World's first IVF rhino pregnancy 'could save species'. A fertility breakthrough has offered hope for saving the northern white rhino from extinction - there are only two of the animals left on the planet. Luxury Fertility.
By Rebecca Morelle and Alison Francis BBC News Science
A fertility breakthrough has offered hope for saving the northern white rhino from extinction - there are only two of the animals left on the planet.
Scientists have achieved the world's first IVF rhino pregnancy, successfully transferring a lab-created rhino embryo into a surrogate mother.
The procedure was carried out with southern white rhinos, a closely related sub-species of northern whites.
The next step is to repeat this with northern white embryos.
"To achieve the first successful embryo transfer in a rhino is a huge step," said Susanne Holtze, a scientist at Leibniz Institute for Zoo and Wildlife Research in Germany, which is part of the Biorescue project, an international consortium trying to save this species.
"But now I think with this achievement, we are very confident that we will be able to create northern white rhinos in the same manner and that we will be able to save the species."
Northern white rhinos were once found across central Africa, but illegal poaching, fuelled by the demand for rhino horn, wiped out the wild population.
Now only two rhinos remain: two females, Najin and her daughter Fatu. Both of the former zoo animals are kept under tight security at the Ol Pejeta Conservancy in Kenya.
Unable to reproduce, the species is technically extinct. But now the Biorescue team has turned to radical fertility science to bring these animals back from the brink.
They started their work using southern white rhinos. This close cousin of the northern whites has a population of thousands - and is considered a conservation success story although it's still threatened by illegal hunting.
The project has taken years and has had to overcome many challenges: from working out how to collect eggs from the two-tonne animals, to creating the first-ever rhino embryos in a lab and trying to establish how - and when - to implant them.
It took 13 attempts to achieve the first viable IVF pregnancy using southern white rhinos.
"It's very challenging in such a big animal, in terms of placing an embryo inside the reproductive tract, which is almost 2m inside the animal," Susanne Holtze told BBC News.
The embryo, which was made using an egg from a female southern white from a zoo in Belgium and fertilized with sperm from a male in Austria, was transferred into a southern white surrogate female in Kenya, who became pregnant.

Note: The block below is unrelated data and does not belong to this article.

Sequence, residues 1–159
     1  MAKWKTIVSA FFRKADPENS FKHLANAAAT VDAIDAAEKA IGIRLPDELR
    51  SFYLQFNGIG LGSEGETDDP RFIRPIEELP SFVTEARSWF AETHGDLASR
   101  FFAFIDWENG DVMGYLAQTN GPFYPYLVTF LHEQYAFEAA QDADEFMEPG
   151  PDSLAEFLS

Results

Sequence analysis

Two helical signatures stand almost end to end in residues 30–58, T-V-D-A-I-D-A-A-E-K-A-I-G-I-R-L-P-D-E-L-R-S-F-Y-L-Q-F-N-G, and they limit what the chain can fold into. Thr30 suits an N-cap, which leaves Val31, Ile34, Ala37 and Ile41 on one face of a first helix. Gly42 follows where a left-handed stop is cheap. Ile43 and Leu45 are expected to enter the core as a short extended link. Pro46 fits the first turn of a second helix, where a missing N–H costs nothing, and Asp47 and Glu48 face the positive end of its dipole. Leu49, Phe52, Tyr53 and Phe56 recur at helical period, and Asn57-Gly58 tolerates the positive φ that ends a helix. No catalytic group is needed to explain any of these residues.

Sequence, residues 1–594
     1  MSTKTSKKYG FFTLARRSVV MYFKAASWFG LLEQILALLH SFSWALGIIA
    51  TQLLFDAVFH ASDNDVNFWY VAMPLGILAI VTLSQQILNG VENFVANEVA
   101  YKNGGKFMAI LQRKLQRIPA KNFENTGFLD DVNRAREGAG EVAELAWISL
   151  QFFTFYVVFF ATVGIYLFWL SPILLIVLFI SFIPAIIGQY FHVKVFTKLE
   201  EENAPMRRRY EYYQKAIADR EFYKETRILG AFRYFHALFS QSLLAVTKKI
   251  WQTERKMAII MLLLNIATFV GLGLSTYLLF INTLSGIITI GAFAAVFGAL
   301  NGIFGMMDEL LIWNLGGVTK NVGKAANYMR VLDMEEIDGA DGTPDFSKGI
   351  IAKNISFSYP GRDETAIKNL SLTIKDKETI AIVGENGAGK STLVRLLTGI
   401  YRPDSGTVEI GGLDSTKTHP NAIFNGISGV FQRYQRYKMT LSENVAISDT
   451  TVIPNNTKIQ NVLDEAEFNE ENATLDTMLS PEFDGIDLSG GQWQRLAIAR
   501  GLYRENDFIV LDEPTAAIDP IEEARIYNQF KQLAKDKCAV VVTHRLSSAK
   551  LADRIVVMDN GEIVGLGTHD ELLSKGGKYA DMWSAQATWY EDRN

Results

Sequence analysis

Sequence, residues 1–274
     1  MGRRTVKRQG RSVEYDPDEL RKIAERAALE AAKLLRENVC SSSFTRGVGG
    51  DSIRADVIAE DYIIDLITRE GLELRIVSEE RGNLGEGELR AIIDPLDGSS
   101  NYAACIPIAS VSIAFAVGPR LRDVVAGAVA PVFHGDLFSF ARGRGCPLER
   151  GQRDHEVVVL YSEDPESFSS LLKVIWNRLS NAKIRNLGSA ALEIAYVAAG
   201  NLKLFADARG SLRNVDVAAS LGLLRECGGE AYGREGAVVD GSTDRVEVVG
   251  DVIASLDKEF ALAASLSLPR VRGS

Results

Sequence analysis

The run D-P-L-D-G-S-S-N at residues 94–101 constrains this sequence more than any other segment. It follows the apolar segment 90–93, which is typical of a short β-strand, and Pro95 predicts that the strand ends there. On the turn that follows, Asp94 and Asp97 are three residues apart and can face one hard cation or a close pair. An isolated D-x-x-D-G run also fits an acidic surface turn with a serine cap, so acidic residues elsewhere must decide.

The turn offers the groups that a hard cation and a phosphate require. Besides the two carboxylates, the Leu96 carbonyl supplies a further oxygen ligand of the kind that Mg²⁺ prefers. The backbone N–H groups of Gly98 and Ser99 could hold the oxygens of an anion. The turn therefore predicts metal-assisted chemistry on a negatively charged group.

However, the success was followed by tragedy.
Seventy days into the pregnancy, the surrogate mother died after becoming infected with Clostridia - a bacteria found in the soil that can be deadly to animals.
The death dealt a blow to the team - a post-mortem revealed that the 6.5cm male foetus was developing well and had a 95% chance of being born alive.
But it showed that the technique had worked and that a viable pregnancy through rhino IVF was possible. Now the next step is to try this using northern white rhino embryos.
There are only 30 of these precious embryos in existence, stored in liquid nitrogen in Germany and Italy.
They were created using eggs harvested from Fatu, the younger female in Kenya, and sperm collected from two male northern white rhinos before they died.
However, the birth of a northern white calf will require another scientific first.
Neither of the last two surviving northern whites can carry a pregnancy because of a combination of age and health problems. So instead the embryo will be implanted into the womb of a surrogate southern white rhino.
IVF across a sub species has never been tried before, but the team is confident it will work.
Prof Thomas Hildebrandt, the director of Liebniz IZW and project head for the Biorescue Consortium, said: "I think the situation for the northern white rhino is quite privileged for the embryo transfer because we have a closely related recipient - so their internal map is nearly the same."
The Biorescue team hopes to implant the embryos in the coming months. They want the calf to be born while some northern white rhinos are still alive.
"We want to preserve the social communication, the social heritage of the northern white rhino by putting the first calf on the ground so they can learn the language from the last two rhinos, they can learn how to behave from them," explained Prof Hildebrandt.
The researchers are aware that adding some more animals through IVF will not save this species - there wouldn't be enough genetic diversity to create a viable population.
So they are simultaneously working on an even more experimental technique, attempting to create rhino sperm and eggs from stem cells, to go on to produce embryos.
Again, this will take time and there will be many scientific challenges to overcome.
Some wildlife experts also argue that pouring more money and resources into a species that's as good as lost could be better used in saving more viable species.
However, Jan Stejskal, the BioRescue project coordinator from Safari Park Dvur Kralove in the Czech Republic where Najin and Fatu were originally from, said: "One thing that we have to understand is that behind the extinction of the northern white rhino is man. It's not because of some evolutionary pressure, it was greed, it was the consumption of a rhino horn.
"So, in a way, we are responsible and if we actually have a technique that can assist us to save them, then I think we have a responsibility to use it and to try to save them."
Samuel Mutisya, head of research and species conservation at Ol Pejeta, added that the northern whites were a critical party of the ecosystem and the team was "committed to do all that is humanly possible to nurture, protect and recover the species".
Read the original article on BBC website.
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